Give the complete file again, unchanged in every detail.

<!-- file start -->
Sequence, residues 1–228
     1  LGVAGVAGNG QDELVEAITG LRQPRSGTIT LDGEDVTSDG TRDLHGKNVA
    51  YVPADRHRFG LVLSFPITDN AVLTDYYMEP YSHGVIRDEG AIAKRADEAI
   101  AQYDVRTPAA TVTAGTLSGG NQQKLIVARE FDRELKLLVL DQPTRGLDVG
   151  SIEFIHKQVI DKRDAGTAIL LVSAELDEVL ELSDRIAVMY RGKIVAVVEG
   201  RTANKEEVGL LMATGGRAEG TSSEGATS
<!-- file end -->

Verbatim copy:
Sequence, residues 1–228
     1  LGVAGVAGNG QDELVEAITG LRQPRSGTIT LDGEDVTSDG TRDLHGKNVA
    51  YVPADRHRFG LVLSFPITDN AVLTDYYMEP YSHGVIRDEG AIAKRADEAI
   101  AQYDVRTPAA TVTAGTLSGG NQQKLIVARE FDRELKLLVL DQPTRGLDVG
   151  SIEFIHKQVI DKRDAGTAIL LVSAELDEVL ELSDRIAVMY RGKIVAVVEG
   201  RTANKEEVGL LMATGGRAEG TSSEGATS